Earlier in September, the South Carolina Department of Health and Environmental Control (DHEC) awarded Coastal Public Access Improvement Grants to 10 coastal municipalities, including the Town of Sullivan’s Island, the Town of Mount Pleasant, the City of Folly Beach, Charleston County and Charleston County Parks. These grants will fund a total of 23 projects aimed at improving public access to beaches and coastal areas throughout the state. Each community/organization that was awarded a grant will match the funds with its own money.
Beach renourishment activities were suspended for the 2011–12 fiscal year, but Budget Proviso 22.34 enabled DHEC to shift excess renourishment funds to communities for coastal access improvements. No word, however, on how much each community received.
So how will community governments use the funds to improve beach access? Sullivans Island plans to construct five beach access walkways. Details as to where these walkways will be located and intended building materials are not yet available. Currently, Sullivans Island has four wheelchair-accessible beach walkways at Stations 18, 19, 22 1/2, and 26 1/2, and it will be nice to see the town improve existing beach access routes.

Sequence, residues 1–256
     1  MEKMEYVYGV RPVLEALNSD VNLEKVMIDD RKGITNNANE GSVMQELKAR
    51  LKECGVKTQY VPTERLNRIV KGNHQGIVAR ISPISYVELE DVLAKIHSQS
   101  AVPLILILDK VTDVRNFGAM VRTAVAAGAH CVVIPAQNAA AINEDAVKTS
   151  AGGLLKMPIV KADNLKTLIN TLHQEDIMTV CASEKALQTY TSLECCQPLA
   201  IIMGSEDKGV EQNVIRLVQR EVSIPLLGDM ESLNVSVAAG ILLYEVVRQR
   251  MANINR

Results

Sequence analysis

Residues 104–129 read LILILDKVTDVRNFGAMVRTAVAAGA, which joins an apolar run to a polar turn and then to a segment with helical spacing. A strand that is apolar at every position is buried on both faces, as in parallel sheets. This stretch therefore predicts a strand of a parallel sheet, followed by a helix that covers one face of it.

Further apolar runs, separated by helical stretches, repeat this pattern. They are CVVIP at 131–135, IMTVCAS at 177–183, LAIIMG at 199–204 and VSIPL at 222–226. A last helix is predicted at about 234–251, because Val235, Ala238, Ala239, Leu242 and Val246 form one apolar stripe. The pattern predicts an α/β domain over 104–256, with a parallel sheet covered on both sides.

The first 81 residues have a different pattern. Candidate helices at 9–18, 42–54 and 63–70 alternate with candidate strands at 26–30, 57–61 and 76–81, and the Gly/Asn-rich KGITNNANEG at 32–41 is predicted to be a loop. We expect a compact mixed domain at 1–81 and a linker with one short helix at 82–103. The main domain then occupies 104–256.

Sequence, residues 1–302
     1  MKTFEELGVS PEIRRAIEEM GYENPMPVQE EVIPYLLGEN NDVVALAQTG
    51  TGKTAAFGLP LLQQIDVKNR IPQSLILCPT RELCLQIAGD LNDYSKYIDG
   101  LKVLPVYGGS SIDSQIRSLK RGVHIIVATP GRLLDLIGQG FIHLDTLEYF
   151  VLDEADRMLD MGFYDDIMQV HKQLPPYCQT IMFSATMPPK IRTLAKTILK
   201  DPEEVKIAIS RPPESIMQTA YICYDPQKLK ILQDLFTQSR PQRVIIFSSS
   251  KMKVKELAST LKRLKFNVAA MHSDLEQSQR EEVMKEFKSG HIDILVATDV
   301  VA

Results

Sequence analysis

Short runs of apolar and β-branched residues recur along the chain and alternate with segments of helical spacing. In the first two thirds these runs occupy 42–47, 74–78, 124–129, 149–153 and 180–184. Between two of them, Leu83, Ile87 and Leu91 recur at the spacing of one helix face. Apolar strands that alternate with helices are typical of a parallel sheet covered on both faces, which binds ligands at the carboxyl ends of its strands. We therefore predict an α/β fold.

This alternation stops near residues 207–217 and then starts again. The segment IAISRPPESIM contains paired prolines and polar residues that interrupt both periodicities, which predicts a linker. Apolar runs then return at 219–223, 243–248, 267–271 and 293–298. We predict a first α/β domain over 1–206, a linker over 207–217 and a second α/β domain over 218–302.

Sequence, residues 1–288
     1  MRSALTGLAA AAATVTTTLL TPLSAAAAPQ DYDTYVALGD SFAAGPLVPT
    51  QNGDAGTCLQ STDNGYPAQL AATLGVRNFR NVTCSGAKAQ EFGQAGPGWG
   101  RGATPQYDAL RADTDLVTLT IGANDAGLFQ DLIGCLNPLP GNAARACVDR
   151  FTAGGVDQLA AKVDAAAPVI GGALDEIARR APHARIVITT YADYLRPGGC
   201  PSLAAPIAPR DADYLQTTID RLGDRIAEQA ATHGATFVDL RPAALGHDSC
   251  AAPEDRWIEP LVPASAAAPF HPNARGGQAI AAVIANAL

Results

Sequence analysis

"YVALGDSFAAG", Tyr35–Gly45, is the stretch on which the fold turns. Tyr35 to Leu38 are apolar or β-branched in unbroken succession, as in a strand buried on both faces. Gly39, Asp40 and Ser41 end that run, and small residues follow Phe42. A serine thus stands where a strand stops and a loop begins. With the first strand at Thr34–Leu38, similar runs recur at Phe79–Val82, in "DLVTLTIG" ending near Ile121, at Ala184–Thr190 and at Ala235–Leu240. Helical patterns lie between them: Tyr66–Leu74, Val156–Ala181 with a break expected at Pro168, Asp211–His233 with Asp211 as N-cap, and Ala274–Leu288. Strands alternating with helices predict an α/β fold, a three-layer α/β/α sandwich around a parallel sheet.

Mount Pleasant plans to use its grant to install interpretative signs at Shem Creek Park. Charleston County will be focusing on the rural Highway 174 corridor, which leads to Edisto Beach. The county says it will improve parking areas and water access on the way to Edisto. Folly Beach will be using its grant for renovations to beach access points near East Ashley portions of the beach.
The Charleston County Park and Recreation Commission (CCPRC) intends to improve waterfront access at McLeod Plantation, which overlooks Wappoo Creek on James Island. The plantation was purchased at the beginning of 2011, but it has been closed to the public for improvements since the real estate transaction. As of May 2012, restoration of historic buildings at the site was nearing completion, and a master plan for the property was being drawn up. The grant funding should fit nicely into CCPRC’s master plan.
Other coastal communities that received grants from DHEC include Horry County, which intends to renovate three beach access points; the cities of Myrtle Beach and North Myrtle Beach, which will use the money to construct six dune walkovers each; Georgetown County, which plans to renovate the East Bay Boat Landing; and the Town of Port Royal, which will be renovating its Waterfront Promenade and boardwalk.
The beach access points really do set the tone for a wonderful beach trip, and these improvements will be a great way to start the season next year.